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Skin Cancer

Skin Cancer is an abnormal growth of skin cells that often develop on skin being exposed to the sun. This is a common type of cancer that also occurs on areas of skin that are not usually exposed to sunlight. There are three major types of skin cancer:

  1. Basal Cell Carcinoma

Basal Cell Carcinoma begins in the basal cells which is a type of cell within the skin that makes new skin cells as old ones die off.  It frequently looks like a little transparent bump on the skin. Basal Cell Carcinoma often befalls on parts of the skin that are exposed to the sun such as the neck and head.

  1. Squamous Cell Carcinoma

Squamous Cell Carcinoma is a common type of skin cancer that progresses in the squamous cells that make up the middle and outer layers of the skin. It is not a life-threatening condition but can be aggressive. Squamous Cell Carcinoma can grow large or may spread to other areas of the body that can cause serious complications if left untreated.

  1. Melanoma

Melanoma is the most serious type of skin cancer that develops in the cells that makes melanin. This can form in your eyes and rarely in your body such as throat or nose. Melanoma usually affects people under 40 especially women.

 

What Causes Skin Cancer?

Skin Cancer begins in the top layer of the skin called the epidermis. It is a thin layer that provides a protective cover of skin cells that your body sheds continually. This type of cancer happens when alterations happen in the DNA of skin cells. The changes cause the cells to develop uncontrolled and form a mass of cancer cells.

Having lots of damage to DNA in skin cells results from UV radiation found in sunlight. Being exposed to the sun does not explain skin cancers that mature on skin not normally exposed to sunlight. This means that other factors might contribute to your risk of skin cancer such as having a condition that weakens your immune system or being exposed to toxic substances.

 

Signs and Symptoms of Skin Cancer

Basal Cell Carcinoma seems like a change in the skin such as a sore that won’t heal. These changes usually have one of the following characteristics:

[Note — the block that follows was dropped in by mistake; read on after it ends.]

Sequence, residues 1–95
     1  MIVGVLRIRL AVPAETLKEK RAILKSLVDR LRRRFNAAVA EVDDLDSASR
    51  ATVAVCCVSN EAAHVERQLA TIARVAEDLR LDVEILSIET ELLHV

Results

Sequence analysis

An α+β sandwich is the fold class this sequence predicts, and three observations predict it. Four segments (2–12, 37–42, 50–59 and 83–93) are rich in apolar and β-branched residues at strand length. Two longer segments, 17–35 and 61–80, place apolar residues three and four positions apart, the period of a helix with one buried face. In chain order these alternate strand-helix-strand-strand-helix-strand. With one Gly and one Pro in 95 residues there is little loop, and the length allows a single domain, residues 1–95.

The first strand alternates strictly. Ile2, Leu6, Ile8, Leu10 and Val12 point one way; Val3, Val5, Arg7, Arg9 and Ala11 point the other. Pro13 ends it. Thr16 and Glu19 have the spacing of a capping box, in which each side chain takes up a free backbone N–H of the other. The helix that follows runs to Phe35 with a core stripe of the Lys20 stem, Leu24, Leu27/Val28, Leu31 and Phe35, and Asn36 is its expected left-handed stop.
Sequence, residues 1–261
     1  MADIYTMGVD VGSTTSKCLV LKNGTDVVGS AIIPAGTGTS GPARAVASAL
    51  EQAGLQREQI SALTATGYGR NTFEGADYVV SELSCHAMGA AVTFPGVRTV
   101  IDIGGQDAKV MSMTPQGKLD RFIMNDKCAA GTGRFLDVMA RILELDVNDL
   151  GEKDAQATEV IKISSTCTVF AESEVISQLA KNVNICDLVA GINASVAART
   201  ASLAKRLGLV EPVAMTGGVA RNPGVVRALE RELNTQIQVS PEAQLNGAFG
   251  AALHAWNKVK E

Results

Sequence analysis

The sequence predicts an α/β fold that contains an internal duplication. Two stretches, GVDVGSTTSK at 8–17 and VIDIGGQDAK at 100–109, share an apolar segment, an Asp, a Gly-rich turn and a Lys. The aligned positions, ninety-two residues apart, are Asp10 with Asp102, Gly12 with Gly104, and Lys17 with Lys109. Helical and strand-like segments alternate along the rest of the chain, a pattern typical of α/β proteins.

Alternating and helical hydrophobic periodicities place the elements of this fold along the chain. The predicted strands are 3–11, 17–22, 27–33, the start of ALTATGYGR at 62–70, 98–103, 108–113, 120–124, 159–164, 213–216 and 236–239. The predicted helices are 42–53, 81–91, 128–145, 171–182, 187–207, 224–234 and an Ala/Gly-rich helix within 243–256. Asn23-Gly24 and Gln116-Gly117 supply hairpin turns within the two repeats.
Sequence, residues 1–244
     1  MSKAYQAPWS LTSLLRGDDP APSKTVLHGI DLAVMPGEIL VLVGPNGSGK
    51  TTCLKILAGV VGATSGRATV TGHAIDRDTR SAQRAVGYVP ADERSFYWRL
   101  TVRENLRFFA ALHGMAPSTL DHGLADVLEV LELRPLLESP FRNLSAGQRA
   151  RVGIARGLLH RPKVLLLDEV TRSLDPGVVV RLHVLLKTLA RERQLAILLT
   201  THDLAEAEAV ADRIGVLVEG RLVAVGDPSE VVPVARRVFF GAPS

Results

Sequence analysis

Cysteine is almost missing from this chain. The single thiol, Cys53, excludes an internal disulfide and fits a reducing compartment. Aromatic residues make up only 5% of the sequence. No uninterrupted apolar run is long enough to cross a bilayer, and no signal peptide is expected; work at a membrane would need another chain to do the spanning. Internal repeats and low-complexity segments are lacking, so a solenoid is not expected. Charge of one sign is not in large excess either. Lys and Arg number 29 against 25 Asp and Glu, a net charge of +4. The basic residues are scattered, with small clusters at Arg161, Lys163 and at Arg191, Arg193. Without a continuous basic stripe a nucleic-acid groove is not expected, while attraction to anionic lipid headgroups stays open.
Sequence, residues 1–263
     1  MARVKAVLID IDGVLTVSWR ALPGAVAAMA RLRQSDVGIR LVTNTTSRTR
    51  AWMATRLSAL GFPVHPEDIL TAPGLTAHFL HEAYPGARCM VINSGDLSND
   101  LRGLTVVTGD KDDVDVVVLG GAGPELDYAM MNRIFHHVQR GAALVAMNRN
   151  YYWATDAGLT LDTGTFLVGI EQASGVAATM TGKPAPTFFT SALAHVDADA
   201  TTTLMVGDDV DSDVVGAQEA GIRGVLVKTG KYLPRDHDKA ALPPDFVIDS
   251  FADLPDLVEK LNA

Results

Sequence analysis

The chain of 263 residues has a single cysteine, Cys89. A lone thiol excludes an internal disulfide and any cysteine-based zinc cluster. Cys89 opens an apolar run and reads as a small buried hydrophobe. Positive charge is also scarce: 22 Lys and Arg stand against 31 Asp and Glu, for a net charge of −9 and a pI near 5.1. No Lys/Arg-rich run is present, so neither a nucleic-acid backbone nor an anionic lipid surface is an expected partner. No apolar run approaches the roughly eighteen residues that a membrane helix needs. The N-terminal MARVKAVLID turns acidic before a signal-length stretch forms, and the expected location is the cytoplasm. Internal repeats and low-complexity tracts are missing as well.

• A blue, brown, or black lesion
  • A pearly white, pink, or skin-colored bump that is translucent
  • A waxy, scar-like lesion without a clearly defined border
  • A flat, reddish patch with a raised edge is more common on the chest or back.

Squamous Cell Carcinoma signs and symptoms include:

  • A new sore on an old scar
  • A firm, red nodule
  • A wart-like sore on or on your genitals or in the anus
  • A red sore inside your mouth

The main Melanoma symptoms frequently are:

  • The progress of an unusual-looking or a new pigmented growth on your skin
  • A change in an existing mole

Melanoma does not always begin as a mole. It may also occur on otherwise normal-appearing skin.

 

Risk Factors of Having Skin Cancer

These are the lists of factors that may increase your risk of developing Skin Cancer:

  • A history of sunburns
  • A weakened immune system
  • A personal history of skin cancer
  • A family history of skin cancer
  • Moles
  • Fair skin
  • Excessive sun exposure
  • Precancerous skin lesions
  • Sunny or high-altitude climates
  • Exposure to arsenic
  • Exposure to radiation

 

Safety Precautions

Most skin cancers are preventable. To protect yourself, here are some prevention tips:

  • Wear protective clothing
  • Wear sunscreen year-round
  • Avoid the sun during the middle of the day
  • Avoid tanning beds
  • Be mindful of sun-sensitizing medicines. Some of these can make your skin more sensitive to sunlight.
  • Check your skin regularly and report changes to your doctor.

 

Treating Skin Cancer

Skin cancer treatment depends on what type of skin cancer you are treating. Small skin cancer limited to the outward of the skin might not need treatment beyond a first skin biopsy that eliminates the full growth. If additional treatment is needed, options may include:

  • Freezing early skin cancer with liquid nitrogen
  • Curettage and cryotherapy or electrodesiccation
  • Excisional surgery cuts out the cancerous tissue and a surrounding margin of healthy skin
  • Chemotherapy
  • Radiation therapy
  • Biological therapy
  • Photodynamic therapy

 

Medications for Skin Cancer

For Basal Cell Carcinoma:

  • Imiquimod
  • Vismodegib
  • Fluorouracil Cream
  • Sonidegib

For Squamous Cell Carcinoma:

  • Pembrolizumab
  • Cemiplimab-rwlc

For Melanoma:

  • Ipilimumab
  • Dacarbazine
  • Dabrafenib
  • Cobimetinib
  • Aldesleukin
  • Trametinib Dimethyl Sulfoxide
  • Vemurafenib